Sunday, January 18, 2009

Parade survey on campus ROTC and DADT

Following on to the story about Obama and lifting “don’t ask don’t tell” is a Parade survey today, Jan. 18, on p. 8, “Should ROTC Be in All Colleges?”

15% said no. 85% said yes, and pointed out that if the “don’t ask don’t tell” policy were ended immediately, “elite” colleges would find other reasons to express animosity toward the military. However, among those who say no, the DADT policy is a major reason, saying that it corrupts the non-discrimination at colleges. The Parade link is here.

Of great controversy associated with the ban is the Solomon Amendment, a 1996 law that allows the Secretary of Defense to withhold Pentagon funds from colleges which ban military recruiters on campus. The official regulations, promulgated in 1998, are here. The Findlaw text for the US Code (983) is here.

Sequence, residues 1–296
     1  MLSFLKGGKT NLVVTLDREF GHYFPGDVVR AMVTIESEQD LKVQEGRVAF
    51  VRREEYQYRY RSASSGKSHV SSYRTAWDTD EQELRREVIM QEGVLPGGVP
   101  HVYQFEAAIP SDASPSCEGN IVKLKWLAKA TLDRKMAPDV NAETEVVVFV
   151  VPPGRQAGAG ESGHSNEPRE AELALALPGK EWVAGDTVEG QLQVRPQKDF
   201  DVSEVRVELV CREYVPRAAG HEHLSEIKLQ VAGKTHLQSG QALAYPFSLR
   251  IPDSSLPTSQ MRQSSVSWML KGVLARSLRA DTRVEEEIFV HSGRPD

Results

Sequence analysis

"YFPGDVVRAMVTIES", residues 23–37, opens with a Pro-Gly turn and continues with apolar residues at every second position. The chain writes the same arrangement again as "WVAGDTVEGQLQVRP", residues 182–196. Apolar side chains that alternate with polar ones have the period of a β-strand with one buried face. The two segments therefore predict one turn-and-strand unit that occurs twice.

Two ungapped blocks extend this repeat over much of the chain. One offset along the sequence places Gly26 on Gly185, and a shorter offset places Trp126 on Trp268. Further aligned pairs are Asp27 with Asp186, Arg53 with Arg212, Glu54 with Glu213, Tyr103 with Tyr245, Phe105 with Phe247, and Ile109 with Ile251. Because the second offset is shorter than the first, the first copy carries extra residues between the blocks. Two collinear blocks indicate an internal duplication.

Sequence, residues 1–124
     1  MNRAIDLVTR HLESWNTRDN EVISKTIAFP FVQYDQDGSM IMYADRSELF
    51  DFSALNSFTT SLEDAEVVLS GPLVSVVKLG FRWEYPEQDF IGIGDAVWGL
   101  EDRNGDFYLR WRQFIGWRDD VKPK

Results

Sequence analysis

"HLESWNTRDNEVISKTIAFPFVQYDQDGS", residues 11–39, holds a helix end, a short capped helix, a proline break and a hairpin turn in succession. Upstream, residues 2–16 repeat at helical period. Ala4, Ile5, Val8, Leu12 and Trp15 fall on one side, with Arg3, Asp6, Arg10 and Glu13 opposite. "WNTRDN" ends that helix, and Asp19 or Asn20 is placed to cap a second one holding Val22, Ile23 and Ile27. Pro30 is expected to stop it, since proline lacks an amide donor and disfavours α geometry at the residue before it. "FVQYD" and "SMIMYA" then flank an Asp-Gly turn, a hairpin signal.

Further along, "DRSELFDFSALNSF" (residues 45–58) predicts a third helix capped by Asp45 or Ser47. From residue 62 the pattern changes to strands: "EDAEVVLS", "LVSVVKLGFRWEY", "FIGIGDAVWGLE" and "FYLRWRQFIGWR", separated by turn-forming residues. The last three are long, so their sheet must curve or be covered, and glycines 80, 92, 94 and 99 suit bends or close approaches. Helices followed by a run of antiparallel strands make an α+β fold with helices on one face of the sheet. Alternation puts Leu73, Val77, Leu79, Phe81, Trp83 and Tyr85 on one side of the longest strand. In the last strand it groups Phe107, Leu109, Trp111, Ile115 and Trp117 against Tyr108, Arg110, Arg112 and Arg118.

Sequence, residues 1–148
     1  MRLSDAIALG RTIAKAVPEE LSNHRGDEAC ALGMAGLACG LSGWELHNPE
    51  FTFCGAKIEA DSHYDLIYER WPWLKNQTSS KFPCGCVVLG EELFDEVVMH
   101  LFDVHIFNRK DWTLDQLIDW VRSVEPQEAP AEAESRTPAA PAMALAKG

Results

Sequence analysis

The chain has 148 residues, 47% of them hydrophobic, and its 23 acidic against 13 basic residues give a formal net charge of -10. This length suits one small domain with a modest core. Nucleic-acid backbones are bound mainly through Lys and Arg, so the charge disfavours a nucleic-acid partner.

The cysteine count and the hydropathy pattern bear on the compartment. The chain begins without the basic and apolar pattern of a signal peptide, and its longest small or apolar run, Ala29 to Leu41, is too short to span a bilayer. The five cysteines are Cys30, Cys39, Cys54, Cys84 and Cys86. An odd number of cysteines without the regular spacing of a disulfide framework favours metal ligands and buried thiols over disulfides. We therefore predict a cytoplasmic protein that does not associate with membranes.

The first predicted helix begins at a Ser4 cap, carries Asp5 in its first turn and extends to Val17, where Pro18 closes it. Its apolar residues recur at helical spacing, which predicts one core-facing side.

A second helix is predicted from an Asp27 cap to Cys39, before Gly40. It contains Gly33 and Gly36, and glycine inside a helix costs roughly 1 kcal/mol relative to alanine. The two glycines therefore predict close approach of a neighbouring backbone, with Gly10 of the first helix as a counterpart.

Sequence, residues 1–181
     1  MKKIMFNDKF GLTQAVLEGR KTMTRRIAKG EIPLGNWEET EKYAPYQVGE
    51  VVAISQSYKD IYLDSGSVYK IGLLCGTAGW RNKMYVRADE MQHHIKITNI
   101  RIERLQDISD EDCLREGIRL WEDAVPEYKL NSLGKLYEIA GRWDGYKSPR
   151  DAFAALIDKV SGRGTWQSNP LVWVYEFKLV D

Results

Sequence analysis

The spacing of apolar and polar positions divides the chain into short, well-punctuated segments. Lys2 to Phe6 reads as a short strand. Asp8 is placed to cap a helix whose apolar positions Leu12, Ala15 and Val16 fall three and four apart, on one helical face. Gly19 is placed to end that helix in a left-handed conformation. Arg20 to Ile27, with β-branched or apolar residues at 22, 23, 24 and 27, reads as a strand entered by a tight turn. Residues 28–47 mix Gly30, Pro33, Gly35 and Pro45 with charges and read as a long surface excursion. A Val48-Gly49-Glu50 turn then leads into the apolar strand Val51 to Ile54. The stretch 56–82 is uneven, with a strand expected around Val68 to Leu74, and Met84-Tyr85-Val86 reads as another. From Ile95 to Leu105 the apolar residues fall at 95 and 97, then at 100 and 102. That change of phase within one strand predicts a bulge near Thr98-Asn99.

The Supreme Court upheld the Solomon law in 2006 in a case called Rumsfeld v. Forum for Academic and Institutional Rights (FAIR), analysis here. Justice Roberts wrote “The Solomon Amendment also does not violate the law schools’ freedom of expressive association. Unlike Boy Scouts of America v. Dale, 530 U. S. 640, where the Boy Scouts’ freedom of expressive association was violated when a state law required the organization to accept a homosexual scoutmaster, the statute here does not force a law school “ ‘to accept members it does not desire,’ ” id., at 648. Law schools “associate” with military recruiters in the sense that they interact with them, but recruiters are not part of the school. They are outsiders who come onto campus for the limited purpose of trying to hire students—not to become members of the school’s expressive association. The freedom of expressive association protects more than a group’s membership decisions, reaching activities that affect a group’s ability to express its message by making group membership less attractive. But the Solomon Amendment has no similar effect on a law school’s associational rights. Students and faculty are free to associate to voice their disapproval of the military’s message; nothing about the statute affects the composition of the group by making membership less desirable. Pp. 18–20.”

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